When I first started this website one of my biggest concerns was trying to help people better prepare themselves to face threats and disasters, but I wanted to do that without having to frighten them, or add a bunch of unnecessary stress into their lives. I absolutely despise companies who turn every tragedy into an opportunity to make money; during every crisis there are always dirtbags attempting to exploit the crisis.

Unfortunately, we live in a country where 99 out of 100 people refuse to do anything to prepare themselves for the very real threats that are out there. The only time they do seem to take action is when a crisis hits too close to home, and they are scared into acting ­– Once the crisis passes they slip back into their normal lives until the next panic strikes.

Apparently, some people need a little bit of fear to act, but that might not necessarily be a bad thing. In fact, fear can be a great motivator, and in certain situations can help us take the actions we need to take to keep ourselves and our loved ones out of harm’s way.

Fear can be a powerful ally.

Fear is a primal instinct that was given to us for a reason, and if we use that fear as a motivating factor ­– instead of a weight that drags us down ­– then we take something that’s usually thought of as a negative influence and turn it into a powerful ally. The problem with fear is most people simply don’t know how to react to it; they’ve become desensitized by a culture that uses fear as a way to control and tear down, instead of as a motivating factor to do something to help our situation.

The key to turning fear into an ally is examining where our fear comes from and then using that information to take action. It’s the action, and rising above our fear that puts us ahead of the unprepared masses who will succumb to its devastating effects.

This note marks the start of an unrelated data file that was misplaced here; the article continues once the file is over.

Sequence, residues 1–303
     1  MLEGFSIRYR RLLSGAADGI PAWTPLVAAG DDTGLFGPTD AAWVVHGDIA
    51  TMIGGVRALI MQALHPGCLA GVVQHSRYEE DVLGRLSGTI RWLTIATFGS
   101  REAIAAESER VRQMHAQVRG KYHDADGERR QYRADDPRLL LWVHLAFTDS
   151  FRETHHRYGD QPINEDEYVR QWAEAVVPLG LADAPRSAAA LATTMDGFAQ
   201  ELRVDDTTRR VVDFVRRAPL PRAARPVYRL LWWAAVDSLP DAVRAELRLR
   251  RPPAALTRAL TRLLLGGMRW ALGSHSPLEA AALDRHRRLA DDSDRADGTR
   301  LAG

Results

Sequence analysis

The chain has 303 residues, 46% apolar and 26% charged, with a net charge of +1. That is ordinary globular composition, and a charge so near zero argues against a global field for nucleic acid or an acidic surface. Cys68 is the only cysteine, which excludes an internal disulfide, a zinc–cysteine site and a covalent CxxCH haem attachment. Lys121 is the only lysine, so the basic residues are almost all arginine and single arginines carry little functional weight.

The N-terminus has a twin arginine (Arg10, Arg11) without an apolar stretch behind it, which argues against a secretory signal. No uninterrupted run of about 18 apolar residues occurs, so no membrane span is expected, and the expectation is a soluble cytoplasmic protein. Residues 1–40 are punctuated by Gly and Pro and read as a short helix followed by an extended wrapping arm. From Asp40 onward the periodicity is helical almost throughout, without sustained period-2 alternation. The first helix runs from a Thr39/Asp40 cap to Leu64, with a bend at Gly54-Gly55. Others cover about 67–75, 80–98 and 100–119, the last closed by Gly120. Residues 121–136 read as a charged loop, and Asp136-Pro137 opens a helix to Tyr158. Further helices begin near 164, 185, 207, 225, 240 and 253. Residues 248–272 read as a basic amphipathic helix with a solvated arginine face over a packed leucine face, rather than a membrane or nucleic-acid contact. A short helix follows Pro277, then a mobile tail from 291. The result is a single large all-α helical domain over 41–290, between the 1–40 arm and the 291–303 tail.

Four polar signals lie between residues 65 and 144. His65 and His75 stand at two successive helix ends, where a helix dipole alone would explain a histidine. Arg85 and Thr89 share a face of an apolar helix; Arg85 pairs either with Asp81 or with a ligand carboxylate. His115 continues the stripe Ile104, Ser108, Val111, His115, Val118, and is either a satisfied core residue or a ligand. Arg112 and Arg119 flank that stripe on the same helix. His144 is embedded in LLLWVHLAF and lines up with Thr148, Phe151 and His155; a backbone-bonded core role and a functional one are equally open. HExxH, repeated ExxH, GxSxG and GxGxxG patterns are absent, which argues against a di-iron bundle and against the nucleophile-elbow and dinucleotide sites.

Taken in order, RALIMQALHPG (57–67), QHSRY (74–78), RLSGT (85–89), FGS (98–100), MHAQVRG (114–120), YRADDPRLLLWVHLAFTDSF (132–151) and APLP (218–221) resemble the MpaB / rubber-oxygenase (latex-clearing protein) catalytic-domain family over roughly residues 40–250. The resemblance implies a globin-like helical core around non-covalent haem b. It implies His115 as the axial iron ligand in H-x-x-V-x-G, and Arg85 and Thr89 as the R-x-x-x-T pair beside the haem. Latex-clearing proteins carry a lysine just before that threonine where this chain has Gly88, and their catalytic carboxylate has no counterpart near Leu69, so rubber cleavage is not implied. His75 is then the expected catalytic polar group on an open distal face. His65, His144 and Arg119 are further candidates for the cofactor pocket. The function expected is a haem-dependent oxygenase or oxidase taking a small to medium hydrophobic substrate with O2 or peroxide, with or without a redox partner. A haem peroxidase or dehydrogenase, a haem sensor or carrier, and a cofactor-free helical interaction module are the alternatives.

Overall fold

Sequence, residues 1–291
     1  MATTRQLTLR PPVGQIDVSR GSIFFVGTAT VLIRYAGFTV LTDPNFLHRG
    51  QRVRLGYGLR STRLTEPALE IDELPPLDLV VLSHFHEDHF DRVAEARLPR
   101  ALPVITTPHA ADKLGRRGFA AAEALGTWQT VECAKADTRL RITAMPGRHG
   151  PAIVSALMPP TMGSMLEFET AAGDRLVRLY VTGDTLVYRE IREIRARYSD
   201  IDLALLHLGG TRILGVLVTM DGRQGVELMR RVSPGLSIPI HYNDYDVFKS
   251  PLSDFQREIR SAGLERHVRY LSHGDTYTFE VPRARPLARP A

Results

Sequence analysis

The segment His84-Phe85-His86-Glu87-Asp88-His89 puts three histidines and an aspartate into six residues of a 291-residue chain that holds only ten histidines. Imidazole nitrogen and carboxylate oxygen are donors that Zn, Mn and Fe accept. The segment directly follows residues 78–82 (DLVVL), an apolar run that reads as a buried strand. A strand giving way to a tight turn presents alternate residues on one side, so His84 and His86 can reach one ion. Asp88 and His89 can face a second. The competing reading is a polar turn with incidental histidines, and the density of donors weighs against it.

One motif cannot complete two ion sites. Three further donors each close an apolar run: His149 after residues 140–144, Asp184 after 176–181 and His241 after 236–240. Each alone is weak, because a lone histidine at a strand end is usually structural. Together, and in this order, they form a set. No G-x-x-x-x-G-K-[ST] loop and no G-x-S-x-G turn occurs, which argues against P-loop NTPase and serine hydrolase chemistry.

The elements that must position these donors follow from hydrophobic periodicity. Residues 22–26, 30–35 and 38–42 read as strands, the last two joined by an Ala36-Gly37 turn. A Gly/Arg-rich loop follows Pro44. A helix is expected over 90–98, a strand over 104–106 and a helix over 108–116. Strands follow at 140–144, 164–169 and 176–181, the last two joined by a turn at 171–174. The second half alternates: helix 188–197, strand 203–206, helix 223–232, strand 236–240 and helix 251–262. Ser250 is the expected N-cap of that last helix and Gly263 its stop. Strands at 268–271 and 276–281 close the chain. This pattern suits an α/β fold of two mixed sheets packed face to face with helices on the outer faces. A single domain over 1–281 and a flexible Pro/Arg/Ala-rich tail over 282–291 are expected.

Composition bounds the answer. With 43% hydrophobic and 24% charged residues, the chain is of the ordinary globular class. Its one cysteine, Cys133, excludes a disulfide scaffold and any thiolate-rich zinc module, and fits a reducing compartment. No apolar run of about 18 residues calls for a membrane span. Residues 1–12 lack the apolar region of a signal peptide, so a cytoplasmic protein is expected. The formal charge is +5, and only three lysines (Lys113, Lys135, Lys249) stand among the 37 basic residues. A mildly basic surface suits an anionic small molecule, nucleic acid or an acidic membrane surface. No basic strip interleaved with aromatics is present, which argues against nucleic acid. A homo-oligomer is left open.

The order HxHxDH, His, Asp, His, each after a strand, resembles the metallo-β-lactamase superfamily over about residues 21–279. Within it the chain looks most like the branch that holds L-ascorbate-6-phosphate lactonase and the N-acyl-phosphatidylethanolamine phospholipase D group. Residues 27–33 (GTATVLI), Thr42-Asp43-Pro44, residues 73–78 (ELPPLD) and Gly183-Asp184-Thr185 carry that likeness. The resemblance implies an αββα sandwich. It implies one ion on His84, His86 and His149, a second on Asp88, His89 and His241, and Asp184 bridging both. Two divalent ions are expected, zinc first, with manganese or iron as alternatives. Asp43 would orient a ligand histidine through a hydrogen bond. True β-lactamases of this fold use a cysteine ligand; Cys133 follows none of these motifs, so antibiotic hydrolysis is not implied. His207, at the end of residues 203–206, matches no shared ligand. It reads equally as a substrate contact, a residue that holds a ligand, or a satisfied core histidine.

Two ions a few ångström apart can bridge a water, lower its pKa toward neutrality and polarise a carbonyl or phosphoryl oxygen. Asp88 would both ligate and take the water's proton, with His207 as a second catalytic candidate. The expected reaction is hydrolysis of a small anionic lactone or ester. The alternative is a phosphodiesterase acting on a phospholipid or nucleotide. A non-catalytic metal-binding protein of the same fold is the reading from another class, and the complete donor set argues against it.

• Fear can bring clarity and help us realize what threats we need to prepare for.
  • Fear, if used as a motivating force, can help us gather data, plan & prepare for future problems.
  • Fear should be channeled into something positive; the action that helps alleviate those fears.

Removing the effects of Fear from disasters and crisis situations:

While aspects of fear can be helpful under certain circumstances, if you don’t learn how to how to properly control it, it can be a debilitating killer. In a survival situation, the last thing you want to experience is a significant amount of fear during what is an already a stressful situation. Preparedness is the antidote to that fear.

In his book, How to Stop Worrying and Start Living, author Dale Carnegie gave some of the best advice ever written on worry. One quote from the book that I think is particularly helpful in regards to preparedness is,

If you have a worry problem, do these three things:
1. Ask yourself: “What is the worst that can possibly happen?”
2. Prepare to accept it if you have to.
3. Then calmly proceed to improve on the worst.

I think that advice is exactly what preparedness minded people do by preparing for disasters, and it’s exactly what’s going to give them the advantage when things go bad. By mentally preparing for the worse, excepting it (if it’s likely to happen), and then figuring out ways to not only survive but thrive during the crisis, you can defeat the negative effects of fear.

Like Carnegie says in his infamous book on worry, “Get the facts. Let’s not even attempt to solve our problems without first collecting all the facts in an impartial manner.” Preparedness is about knowledge, and knowledge is power. It’s also the key to survival.


  1. Americas should be known for their standard of “We do not panic, we Prepare” but some missed the boat…